While the move made headlines, at the time, the plan was viewed as nothing more than a thought exercise because under the rule, those capital requirements would have only gone into effect when the companies exited conservatorship.
And under the leadership of then-FHFA Director Mel Watt, the
GSEs exiting conservatorship seemed like a pipe dream due to Watt’s view that
it was Congress’ duty to act on housing finance reform and Congress’ inability
to agree on much of anything.
But a lot has changed since then. Watt was replaced by Mark Calabria, who immediately began moving towards ending conservatorship, a process that is now in full swing.
As such, the FHFA now plans to do away with the 2018 capital
rule and propose new capital rules next year.
The FHFA announced Tuesday that it plans to re-propose the “entire
regulation” on capital requirements for Fannie Mae and Freddie Mac at an
unspecified date in 2020.
The move comes just over a month after the Department of the Treasury and the FHFA announced that they now allow the GSEs to retain up to $45 billion in combined capital as they prepare to leave conservatorship.
Under the agreement between the GSEs, the Treasury and the
FHFA, Fannie Mae can now hold a capital reserve of $25 billion, while Freddie
Mac can hold $20 billion.
But those moves are meant to protect the GSEs and the taxpayers as the companies move towards exiting conservatorship, a process that will likely take several years.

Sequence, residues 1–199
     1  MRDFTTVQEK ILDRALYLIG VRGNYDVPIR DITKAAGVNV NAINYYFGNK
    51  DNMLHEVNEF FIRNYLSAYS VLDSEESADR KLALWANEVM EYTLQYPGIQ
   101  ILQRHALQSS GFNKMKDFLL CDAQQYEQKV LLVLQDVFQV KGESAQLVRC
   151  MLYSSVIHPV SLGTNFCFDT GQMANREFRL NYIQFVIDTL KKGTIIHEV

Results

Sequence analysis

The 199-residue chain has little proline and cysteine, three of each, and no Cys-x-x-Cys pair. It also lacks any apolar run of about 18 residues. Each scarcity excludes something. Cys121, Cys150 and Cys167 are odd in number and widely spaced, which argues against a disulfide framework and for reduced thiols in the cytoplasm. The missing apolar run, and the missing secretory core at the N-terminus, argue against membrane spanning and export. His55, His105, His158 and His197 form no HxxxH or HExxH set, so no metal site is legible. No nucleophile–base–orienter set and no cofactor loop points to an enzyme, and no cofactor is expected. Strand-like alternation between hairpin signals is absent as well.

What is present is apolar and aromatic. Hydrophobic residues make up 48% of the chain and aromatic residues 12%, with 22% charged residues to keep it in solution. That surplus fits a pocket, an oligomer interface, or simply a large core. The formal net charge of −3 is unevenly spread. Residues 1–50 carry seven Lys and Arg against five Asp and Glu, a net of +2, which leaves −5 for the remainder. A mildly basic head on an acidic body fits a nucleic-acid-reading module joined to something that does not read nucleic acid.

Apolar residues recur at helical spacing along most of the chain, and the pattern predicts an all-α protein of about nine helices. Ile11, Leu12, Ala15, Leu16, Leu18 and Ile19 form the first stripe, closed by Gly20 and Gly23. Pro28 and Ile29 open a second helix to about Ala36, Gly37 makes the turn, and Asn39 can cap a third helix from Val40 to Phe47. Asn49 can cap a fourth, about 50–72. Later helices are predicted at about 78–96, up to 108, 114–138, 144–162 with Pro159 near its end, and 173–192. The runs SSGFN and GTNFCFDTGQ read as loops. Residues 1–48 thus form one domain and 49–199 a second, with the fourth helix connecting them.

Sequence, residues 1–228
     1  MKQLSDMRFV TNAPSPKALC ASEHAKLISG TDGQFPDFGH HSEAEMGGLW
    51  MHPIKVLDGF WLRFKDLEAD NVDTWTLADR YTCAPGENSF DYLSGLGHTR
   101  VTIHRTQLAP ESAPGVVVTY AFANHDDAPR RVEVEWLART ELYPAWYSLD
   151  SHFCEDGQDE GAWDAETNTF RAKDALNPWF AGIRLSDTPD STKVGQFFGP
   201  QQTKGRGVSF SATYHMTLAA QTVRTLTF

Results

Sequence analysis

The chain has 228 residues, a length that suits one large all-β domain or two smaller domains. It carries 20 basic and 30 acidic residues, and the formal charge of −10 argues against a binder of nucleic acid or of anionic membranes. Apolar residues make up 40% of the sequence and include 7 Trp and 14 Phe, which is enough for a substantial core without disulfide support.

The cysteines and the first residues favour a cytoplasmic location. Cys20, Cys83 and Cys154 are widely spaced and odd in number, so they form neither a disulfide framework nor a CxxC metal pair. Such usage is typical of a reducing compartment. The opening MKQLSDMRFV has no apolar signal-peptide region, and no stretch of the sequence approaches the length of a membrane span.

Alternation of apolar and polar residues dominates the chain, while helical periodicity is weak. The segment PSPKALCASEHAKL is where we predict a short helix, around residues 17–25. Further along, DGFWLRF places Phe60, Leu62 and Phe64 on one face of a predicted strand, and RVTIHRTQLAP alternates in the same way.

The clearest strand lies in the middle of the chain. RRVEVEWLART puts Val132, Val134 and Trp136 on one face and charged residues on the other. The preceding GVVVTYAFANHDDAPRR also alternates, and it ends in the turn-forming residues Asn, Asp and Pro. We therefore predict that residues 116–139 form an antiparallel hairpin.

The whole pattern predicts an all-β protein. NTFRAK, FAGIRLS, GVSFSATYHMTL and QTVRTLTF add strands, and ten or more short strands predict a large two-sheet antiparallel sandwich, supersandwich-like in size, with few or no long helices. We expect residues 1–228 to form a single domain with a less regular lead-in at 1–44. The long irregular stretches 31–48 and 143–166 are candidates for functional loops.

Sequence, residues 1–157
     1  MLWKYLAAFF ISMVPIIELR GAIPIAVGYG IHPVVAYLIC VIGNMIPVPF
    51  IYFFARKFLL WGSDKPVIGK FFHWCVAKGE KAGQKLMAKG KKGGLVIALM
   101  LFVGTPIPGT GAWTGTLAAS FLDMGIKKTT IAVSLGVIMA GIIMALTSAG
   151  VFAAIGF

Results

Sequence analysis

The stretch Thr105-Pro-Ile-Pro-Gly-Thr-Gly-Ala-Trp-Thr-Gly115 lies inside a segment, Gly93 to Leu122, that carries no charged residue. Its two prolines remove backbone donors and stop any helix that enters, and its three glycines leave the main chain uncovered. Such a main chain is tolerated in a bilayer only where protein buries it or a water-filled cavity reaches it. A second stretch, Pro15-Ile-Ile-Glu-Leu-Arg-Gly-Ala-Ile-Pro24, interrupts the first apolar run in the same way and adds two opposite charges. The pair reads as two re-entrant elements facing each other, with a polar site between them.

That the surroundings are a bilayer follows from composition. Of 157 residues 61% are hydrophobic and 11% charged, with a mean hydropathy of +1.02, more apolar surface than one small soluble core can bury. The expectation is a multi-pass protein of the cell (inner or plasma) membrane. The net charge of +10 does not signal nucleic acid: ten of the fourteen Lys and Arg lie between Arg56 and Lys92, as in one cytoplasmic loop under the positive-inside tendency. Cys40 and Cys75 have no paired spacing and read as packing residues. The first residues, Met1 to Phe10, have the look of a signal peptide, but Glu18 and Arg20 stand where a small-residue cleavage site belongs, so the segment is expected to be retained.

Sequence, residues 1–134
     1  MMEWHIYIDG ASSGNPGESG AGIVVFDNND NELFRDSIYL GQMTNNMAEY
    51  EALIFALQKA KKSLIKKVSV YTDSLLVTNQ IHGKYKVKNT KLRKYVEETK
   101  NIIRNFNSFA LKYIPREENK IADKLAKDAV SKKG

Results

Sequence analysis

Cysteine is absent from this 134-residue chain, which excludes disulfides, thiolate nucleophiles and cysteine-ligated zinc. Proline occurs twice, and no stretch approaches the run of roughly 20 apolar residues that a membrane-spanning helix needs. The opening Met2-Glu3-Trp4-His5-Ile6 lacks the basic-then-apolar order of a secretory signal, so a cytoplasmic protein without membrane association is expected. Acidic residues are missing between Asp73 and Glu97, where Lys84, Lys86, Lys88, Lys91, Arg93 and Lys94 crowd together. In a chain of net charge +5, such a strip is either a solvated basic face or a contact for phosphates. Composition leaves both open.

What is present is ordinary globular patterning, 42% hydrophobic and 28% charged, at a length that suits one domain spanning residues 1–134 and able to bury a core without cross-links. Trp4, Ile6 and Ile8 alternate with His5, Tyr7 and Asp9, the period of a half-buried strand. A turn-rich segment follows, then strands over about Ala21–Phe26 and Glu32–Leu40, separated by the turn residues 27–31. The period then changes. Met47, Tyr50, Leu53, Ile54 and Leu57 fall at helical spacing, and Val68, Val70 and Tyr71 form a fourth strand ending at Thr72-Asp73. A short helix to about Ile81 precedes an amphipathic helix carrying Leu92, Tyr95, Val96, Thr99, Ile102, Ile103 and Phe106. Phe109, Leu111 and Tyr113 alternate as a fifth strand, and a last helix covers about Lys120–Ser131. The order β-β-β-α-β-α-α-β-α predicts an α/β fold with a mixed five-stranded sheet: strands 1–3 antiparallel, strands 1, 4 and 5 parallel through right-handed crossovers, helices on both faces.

“The enterprises are leveraged nearly 1,000-to-one, ensuring they would fail during an economic downturn – exposing taxpayers once again,” Calabria said at the time.
Now, the FHFA is moving to establish guidelines for how the
GSEs should safely conduct their business in the future.
In a statement, Calabria acknowledges that the 2018 capital
rule was enacted “under a different set of assumptions” about the future of the
GSEs, but with the GSEs on a different path now, the FHFA believes new capital rules
“The 2018 Capital Rule was proposed before FHFA began the process of retaining capital at the enterprises as a first step toward ending the conservatorships,” Calabria said in a statement. “In fairness to all interested parties, the comments submitted during the previous rulemaking were submitted under a different set of assumptions about the future of the enterprises.”
“During the process of the rulemaking, important issues were
identified that will be addressed in the re-proposal,” Calabria continued.
“The Capital Rule is one of the most important rules I will
issue as Director. This rule will be re-proposed and finalized within a
timeline fully consistent with ending the conservatorships,” Calabria said. “Requiring
the enterprises to build capital that can properly support their risk ensures
that taxpayers will never be on the hook again during an economic downturn.”
According to the FHFA, the new rule will be proposed “sometime